Tuesday, June 23, 2009
What am I reading?
So you asked, and I'm obliging.
Last week I went to a gala with my husband - an impressive array of important Indian and American politicos converging in DC for some great, important meeting that is way beyond me.
It could have been an incredible bore, but instead, the key-note speaker was Vikas Swarup, the writer of the book Q&A, the book that the movie Slumdog Millionaire was based on.
He was an amazing speaker! I laughed so hard, because he talked more about being a writer than about Indian/American cooperation.
Here is my favorite part of his speech:
"They asked me if I could have ever imagined my book as a movie, and I said, 'I could never have imagined my book as a book!' "
And he told this joke:
"A writer dies and is met by an angel who tells him he gets to choose between going to heaven and hell. He asks to take a tour of each before deciding. They first go to hell, where people are bound by chains to desks, where, in incredible heat, they sweat and slave over writing novels, constantly whipped and derided for their lousy writing. The writer says, 'I think I'd like to see heaven. This looks awful!' So the angel takes him to heaven, where he sees exactly the same scene. 'This is exactly the same!' the writer exclaims. 'Oh no,' says the angel. 'Here, they are published.' "
He wrote Q&A during a few weeks in England where he was doing diplomatic duty and his family had already gone on to India ahead of him. He'd thought about this book for a while but never gotten down to writing it, but left alone in a foreign city, he finally found the time. He said, "Usually, behind a successful man is a great wife, but for writers, behind a successful man is an absent wife!"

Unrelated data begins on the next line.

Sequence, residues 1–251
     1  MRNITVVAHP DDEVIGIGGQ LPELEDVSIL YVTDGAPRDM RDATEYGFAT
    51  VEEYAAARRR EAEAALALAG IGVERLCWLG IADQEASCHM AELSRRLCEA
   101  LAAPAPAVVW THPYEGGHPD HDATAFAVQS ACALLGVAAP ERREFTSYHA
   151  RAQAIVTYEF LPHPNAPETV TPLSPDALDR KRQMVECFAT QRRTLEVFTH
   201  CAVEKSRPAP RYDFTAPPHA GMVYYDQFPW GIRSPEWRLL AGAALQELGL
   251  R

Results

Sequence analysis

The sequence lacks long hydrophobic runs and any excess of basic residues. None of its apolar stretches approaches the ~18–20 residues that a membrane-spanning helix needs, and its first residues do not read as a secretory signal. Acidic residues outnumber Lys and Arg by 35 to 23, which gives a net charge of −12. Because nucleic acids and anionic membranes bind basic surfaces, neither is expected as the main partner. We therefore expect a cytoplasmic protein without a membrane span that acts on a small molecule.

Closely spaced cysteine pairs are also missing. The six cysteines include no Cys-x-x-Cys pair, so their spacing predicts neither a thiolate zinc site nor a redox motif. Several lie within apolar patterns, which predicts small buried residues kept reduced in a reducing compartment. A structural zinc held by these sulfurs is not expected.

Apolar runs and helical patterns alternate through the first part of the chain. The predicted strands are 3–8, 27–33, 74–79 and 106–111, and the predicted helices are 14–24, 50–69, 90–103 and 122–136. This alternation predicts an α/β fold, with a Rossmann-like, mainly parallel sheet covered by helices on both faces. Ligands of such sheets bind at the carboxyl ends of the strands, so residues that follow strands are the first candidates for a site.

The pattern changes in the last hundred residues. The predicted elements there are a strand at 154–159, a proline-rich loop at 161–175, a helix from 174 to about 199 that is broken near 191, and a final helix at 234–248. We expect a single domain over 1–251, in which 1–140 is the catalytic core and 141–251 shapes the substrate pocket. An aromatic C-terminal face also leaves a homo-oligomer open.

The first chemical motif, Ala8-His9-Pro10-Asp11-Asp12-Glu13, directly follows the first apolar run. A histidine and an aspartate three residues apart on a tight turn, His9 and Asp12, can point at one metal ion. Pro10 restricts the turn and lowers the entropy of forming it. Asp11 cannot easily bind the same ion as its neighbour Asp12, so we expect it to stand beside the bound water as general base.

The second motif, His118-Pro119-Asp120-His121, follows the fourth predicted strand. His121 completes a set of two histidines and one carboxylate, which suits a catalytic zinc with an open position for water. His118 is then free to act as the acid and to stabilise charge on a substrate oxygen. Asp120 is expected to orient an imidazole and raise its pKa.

So I went out and bought the book. It's a great read. I love the unique structure of it. I haven't seen the movie, but I plan to watch it this weekend when I'm done reading.
The other two books I bought this weekend are both non-fiction. I don't read a whole lot of non-fiction. Percentage-wise, it's probably pretty low. But I love true-life adventure stories, like Alive, Into Thin Air, and The Perfect Storm. I have read just about every book out there about climbing Everest, and Kraukauer's Eiger Dreams is high on my list for this summer.
But I came across a review for Crazy for the Storm last week, and I couldn't wait to read it. It's the memoir of a man who, as a young boy, was in an airplane crash in the mountains with his dad, his dad's girlfriend, and a pilot. His dad and the pilot died on impact, and he chose to hike out of the snowy mountains with the very injured girlfriend. She died on the way, but he survived, thanks to the experiences he'd had with his dad in extreme sports.
Funny enough, it's structured very much like Q&A. I was sucked in by the photo of him on his dad's back surfing when he was only months old. Who does that? And by the guilt he has felt all these years that the girlfriend died after he convinced her to leave the plane and hike out.
The last book on my nightstand is Columbine. It's morose, I suppose. I asked for it for my birthday and I got lots of raised eyebrows. But I've been fascinated with the book since long before it came out. I stumbled on the cover artist a while back and read about how he decided upon this design, which led me to the substance of the book.
I am most interested in how our perceptions of who the killers were, how the media portrayed them, is all wrong. I think I'm interested in this for a great part because I see the effects of Columbine on my own kids' schooling. The security, the endless anti-bullying campaigning, the sensitivity training they are getting in public school that came about because of the erroneous belief that Dylan and Eric were loners scorned by their classmates and relegated to the fringes of the school.
I think it will be a good thinking book - one I will want to talk about when I'm done.
So that's my reading list for the next week or so.
What have you been reading? Anything good to recommend?